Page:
transmission of the information by a node requires a certain amount of the energy as does the processing of theany received signal. The goal is to minimize the mean absolute error of the position estimates. There is a plethora of the parameters that could be considered for the optimization. We focus on a thesmall set of parameters to illustrate the design and the simulation methodology. In addition, we describe the system decomposition and justify our choice of the coupling parameters among the different layers. We proceed to describe the each layer in a bottom-up manner.

THE DEVICE LAYER

At the device layer, we assume that the each node has an omni-directional dipole antenna and small power amplifier. Because the power amplifier is major source of the energy consumption and our global objective is to achieve the high-precision situational awareness (i.e., the low estimation errors) for every node under an energy constraint, it is important to understand role of amplifier power added efficiency in overall optimization problem. Let PINbe the input power, PRFbe the radiated power, and be PDC the consumed DC power. The power added efficiency is defined as

Power added efficiency = (PRF- PIN)/ PDC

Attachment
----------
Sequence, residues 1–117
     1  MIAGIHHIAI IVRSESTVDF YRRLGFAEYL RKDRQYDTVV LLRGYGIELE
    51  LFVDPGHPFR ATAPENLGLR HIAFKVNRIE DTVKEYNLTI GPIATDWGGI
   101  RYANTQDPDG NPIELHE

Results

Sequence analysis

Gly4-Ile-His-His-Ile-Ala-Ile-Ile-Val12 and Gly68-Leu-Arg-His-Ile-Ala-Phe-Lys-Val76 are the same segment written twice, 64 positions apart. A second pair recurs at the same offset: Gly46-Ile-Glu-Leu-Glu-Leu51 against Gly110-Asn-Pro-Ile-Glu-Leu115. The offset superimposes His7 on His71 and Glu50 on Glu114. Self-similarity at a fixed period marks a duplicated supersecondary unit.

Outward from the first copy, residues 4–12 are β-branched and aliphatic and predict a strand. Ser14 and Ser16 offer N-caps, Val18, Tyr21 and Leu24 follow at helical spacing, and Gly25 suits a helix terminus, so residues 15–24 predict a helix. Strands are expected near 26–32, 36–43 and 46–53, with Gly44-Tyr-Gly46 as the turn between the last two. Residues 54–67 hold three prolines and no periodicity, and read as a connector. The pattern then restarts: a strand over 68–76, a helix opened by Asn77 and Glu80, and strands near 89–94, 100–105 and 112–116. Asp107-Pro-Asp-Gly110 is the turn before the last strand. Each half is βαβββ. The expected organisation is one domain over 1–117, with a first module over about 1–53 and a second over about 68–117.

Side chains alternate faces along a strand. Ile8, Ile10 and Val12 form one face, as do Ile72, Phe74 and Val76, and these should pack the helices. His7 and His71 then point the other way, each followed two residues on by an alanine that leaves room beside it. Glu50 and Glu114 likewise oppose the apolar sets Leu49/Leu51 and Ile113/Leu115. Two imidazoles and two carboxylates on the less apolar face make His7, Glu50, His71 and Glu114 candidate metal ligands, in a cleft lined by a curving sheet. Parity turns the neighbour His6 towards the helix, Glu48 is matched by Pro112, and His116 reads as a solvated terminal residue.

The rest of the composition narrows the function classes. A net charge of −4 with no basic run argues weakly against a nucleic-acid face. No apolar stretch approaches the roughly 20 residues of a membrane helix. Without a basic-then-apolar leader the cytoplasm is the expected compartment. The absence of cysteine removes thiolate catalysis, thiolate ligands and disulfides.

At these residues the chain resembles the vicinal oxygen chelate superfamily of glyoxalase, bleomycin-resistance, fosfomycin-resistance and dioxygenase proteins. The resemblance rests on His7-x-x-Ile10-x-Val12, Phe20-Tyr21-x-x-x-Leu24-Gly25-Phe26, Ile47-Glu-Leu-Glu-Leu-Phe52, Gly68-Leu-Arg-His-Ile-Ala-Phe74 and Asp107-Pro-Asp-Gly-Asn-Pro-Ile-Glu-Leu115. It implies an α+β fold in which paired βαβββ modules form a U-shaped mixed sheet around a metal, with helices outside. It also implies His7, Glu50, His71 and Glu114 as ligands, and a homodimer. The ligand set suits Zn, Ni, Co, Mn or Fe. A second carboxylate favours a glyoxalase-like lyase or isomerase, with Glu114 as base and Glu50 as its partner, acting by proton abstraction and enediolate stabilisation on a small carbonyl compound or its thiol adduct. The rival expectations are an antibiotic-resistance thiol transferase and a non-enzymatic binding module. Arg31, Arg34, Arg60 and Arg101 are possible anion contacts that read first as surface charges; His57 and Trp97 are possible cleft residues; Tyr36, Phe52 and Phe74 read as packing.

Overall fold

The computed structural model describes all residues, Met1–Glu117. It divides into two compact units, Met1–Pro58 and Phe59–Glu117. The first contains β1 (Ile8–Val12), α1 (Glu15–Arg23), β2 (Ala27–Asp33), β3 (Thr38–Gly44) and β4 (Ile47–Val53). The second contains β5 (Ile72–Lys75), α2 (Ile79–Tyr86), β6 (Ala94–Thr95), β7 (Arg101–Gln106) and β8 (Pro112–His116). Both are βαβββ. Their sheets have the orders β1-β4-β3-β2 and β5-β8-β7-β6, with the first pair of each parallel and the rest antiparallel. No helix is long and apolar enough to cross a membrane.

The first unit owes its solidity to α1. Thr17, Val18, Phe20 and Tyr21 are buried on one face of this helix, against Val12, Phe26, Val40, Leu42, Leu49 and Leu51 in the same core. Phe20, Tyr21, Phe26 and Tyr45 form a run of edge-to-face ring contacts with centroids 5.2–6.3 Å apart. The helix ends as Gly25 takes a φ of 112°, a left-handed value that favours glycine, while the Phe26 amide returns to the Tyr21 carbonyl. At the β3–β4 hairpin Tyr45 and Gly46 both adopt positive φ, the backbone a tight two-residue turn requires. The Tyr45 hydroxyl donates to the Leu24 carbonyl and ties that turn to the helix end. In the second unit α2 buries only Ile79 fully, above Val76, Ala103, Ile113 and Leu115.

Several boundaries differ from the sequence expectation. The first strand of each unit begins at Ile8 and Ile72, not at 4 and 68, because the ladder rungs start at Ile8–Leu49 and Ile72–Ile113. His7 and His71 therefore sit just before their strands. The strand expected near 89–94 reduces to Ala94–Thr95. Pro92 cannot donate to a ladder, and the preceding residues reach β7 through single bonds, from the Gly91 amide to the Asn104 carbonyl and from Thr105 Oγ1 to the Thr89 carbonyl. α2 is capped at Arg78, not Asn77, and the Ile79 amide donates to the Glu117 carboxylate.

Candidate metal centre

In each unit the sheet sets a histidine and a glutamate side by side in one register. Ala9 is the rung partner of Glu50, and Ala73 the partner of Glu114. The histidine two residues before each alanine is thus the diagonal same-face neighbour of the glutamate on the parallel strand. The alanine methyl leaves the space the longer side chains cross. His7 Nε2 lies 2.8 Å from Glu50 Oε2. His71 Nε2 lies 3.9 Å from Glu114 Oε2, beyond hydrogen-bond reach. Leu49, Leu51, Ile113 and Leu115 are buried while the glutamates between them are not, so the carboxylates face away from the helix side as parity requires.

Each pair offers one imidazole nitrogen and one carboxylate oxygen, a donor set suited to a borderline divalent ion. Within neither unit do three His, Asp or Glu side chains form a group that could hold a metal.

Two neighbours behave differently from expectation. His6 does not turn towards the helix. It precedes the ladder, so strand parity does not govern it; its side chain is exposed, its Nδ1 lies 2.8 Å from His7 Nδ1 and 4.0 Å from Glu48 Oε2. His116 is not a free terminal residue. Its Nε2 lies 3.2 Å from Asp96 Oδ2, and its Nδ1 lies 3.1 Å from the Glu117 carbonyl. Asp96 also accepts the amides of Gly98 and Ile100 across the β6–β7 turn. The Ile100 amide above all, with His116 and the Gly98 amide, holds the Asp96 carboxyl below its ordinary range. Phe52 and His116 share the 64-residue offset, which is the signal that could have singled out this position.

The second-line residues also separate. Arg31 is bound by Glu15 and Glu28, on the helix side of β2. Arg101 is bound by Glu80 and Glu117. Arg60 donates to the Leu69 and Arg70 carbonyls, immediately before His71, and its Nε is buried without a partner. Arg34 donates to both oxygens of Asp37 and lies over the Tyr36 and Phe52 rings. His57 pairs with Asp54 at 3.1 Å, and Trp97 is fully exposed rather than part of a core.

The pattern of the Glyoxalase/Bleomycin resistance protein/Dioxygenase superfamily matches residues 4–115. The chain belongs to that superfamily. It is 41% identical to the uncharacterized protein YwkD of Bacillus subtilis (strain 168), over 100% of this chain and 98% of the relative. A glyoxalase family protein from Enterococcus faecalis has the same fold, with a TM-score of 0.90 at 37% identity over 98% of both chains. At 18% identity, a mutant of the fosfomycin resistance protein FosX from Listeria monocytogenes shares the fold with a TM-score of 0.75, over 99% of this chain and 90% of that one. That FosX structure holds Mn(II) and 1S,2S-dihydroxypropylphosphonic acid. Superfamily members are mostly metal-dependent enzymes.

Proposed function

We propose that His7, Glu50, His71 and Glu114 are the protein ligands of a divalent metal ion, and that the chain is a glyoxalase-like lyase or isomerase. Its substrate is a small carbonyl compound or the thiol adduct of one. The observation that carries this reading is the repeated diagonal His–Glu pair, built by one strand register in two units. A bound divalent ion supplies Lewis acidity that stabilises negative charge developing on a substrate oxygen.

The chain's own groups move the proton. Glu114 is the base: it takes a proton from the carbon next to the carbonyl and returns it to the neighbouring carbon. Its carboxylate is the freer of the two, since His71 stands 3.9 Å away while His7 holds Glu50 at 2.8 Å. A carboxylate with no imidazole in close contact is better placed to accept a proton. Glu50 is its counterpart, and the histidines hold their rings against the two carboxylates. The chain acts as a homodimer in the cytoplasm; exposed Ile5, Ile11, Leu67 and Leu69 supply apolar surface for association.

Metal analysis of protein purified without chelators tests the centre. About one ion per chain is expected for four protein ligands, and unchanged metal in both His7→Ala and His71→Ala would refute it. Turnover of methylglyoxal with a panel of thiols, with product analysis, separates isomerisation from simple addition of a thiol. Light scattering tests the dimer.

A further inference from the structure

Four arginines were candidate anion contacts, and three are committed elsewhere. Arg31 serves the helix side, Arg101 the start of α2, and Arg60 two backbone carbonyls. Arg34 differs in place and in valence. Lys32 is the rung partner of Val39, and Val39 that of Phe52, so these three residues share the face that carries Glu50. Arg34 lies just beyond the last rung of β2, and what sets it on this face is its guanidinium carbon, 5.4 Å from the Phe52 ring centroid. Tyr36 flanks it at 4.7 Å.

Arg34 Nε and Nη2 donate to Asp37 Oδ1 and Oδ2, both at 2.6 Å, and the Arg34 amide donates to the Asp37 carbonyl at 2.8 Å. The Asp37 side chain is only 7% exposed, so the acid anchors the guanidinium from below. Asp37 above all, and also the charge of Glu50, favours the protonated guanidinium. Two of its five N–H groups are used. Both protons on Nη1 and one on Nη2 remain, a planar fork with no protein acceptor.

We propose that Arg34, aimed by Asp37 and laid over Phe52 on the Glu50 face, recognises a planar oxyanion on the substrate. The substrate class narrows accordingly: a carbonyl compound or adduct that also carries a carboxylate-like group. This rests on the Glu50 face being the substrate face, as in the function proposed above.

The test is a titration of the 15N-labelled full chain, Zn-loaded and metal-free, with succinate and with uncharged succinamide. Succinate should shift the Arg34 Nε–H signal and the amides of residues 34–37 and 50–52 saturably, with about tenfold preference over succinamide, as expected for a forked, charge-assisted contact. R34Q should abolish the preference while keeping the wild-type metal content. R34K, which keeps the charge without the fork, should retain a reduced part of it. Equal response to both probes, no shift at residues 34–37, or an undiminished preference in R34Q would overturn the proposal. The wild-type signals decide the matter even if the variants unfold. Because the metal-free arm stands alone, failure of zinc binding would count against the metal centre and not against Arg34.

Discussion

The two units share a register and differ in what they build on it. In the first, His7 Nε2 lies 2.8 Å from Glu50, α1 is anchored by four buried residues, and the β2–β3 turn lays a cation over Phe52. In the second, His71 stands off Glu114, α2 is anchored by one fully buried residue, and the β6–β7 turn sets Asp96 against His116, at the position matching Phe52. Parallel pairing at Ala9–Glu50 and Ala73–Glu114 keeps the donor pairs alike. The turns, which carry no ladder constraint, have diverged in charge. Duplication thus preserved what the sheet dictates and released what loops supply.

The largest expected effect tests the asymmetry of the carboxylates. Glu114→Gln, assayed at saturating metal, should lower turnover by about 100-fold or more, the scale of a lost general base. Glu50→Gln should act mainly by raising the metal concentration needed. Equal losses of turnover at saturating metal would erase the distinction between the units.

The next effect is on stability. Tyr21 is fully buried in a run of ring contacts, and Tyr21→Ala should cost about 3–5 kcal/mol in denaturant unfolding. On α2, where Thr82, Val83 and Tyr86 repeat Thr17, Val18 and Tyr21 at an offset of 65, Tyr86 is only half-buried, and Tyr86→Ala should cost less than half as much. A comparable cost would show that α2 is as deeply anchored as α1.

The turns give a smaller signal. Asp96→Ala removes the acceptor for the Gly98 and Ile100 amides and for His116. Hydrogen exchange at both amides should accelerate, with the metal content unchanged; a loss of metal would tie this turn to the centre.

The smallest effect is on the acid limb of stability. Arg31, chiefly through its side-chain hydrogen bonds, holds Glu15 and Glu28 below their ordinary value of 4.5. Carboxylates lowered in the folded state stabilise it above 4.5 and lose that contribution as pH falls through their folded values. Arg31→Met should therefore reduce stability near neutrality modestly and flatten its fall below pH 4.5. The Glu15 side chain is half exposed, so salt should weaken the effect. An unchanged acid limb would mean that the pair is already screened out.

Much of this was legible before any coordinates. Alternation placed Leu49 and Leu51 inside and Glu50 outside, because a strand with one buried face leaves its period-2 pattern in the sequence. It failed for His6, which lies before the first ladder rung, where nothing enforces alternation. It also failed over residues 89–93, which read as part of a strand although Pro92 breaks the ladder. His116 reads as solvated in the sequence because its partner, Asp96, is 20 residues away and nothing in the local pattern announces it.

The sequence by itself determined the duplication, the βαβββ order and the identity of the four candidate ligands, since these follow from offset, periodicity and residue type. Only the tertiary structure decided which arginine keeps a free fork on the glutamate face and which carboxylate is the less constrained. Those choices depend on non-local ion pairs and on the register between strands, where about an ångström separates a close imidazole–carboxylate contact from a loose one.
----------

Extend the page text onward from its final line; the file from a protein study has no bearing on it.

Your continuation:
.

The characteristics of power amplifier [7] shown in Fig. 3 and are tabulated for use at the processing layer. From Fig. 3 we see that the input/output relation of power amplifier is fairly linear when input power is small. However, amplifier operates at the very low efficiency. When input

power is large, the amplifier operates at the higher efficiency, but with the large input-output nonlinearity. This nonlinearity generates the in-band and out-of-band signals known as intermodulation signals, which adversely affect the performance of processing layer, which in turn indirectly affects the design of network layer protocols.

THE PROCESSING LAYER

The basic block diagram representation of the processing layer is shown in the Fig. 4. A block of theinformation is presented to a channel encoder. The channel encoder adds redundancy to protect against the channel errors. The output of channel encoder is interleaved, modulated, and the spread -in bandwidth. The resulting signal is amplified by the power amplifier (PA) and the transmitted. At the receiver, inverse operations are needed to accurately recover the block of the information. While each of these operation consumes power inorder to process the data or the signal, we focus on energy being consumed bythe power amplifier, demodulator, and the channel decoder. We focus on these elements, since they consume much more energy than the other elements in system. Thus, we focus on performanceenergy trade-off of the demodulator and the decoder.

NETWORK LAYER